Experiencing the same but differently: Indigenous minority and immigrant children's experiences in Cyprus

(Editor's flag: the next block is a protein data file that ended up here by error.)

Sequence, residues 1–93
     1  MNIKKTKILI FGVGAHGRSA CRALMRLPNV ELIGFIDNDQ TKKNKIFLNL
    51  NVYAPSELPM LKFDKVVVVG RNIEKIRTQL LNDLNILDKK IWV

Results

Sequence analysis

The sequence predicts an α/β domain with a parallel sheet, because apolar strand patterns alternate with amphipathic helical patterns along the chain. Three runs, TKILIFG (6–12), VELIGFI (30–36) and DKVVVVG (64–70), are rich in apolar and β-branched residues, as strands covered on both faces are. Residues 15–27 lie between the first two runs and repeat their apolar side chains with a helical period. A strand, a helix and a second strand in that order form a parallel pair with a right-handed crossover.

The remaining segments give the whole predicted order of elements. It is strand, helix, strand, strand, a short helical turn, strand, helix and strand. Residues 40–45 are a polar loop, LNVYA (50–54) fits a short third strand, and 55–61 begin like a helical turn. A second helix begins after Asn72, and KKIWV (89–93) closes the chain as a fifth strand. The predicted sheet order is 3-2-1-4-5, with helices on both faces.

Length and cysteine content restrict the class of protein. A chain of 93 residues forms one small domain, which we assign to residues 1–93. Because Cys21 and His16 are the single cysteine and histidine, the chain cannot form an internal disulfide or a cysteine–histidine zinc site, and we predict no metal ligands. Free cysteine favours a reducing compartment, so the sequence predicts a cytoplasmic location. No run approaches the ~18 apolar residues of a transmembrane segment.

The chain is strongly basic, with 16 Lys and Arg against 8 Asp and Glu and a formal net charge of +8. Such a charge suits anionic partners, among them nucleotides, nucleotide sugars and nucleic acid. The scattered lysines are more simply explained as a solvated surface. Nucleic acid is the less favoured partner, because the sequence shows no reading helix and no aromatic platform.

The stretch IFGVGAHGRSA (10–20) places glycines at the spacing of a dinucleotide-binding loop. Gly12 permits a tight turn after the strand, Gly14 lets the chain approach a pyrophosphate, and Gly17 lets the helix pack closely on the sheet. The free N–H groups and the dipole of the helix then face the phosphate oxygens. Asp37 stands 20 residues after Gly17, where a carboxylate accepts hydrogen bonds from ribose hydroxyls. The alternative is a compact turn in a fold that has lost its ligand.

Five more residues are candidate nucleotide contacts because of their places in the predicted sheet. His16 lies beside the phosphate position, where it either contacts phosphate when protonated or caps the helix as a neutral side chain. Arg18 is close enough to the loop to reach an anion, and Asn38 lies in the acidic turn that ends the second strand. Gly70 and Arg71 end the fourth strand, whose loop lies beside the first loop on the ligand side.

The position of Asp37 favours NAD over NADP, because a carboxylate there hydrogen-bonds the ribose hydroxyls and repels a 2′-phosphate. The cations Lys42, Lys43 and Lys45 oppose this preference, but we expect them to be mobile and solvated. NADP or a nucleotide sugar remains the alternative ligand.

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This paper examines the experiences of minority students from two different cultural groups, immigrant children of Pontian background and indigenous minority children of Roma descent, in the Greek-Cypriot educational system. Through a joint re-examination of results from two different qualitative studies, this paper delineates similarities and differences of how life at school is experienced through the eyes of children who are not part of the mainstream, in an effort to gain insight into the nuances of being a minority child in the specific educational system. Comparisons across the two groups of children suggest that although both groups shared a minority status, they nonetheless experienced marginalisation across different dimensions that were linked to their dual multilayered position as both insiders and outsiders. Attention to such complexities enables us to gain deeper understandings of children's lives, as too often the category of 'minority child' seems to be treated as a monolithic and homogeneous one.